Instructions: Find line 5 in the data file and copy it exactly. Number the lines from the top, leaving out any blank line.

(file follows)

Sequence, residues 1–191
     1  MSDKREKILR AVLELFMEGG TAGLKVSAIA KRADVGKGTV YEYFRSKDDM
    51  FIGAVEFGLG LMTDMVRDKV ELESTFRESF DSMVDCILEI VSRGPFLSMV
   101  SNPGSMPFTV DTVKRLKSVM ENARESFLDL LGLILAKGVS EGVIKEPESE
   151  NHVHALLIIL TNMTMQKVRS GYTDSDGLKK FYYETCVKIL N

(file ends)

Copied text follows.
   151  NHVHALLIIL TNMTMQKVRS GYTDSDGLKK FYYETCVKIL N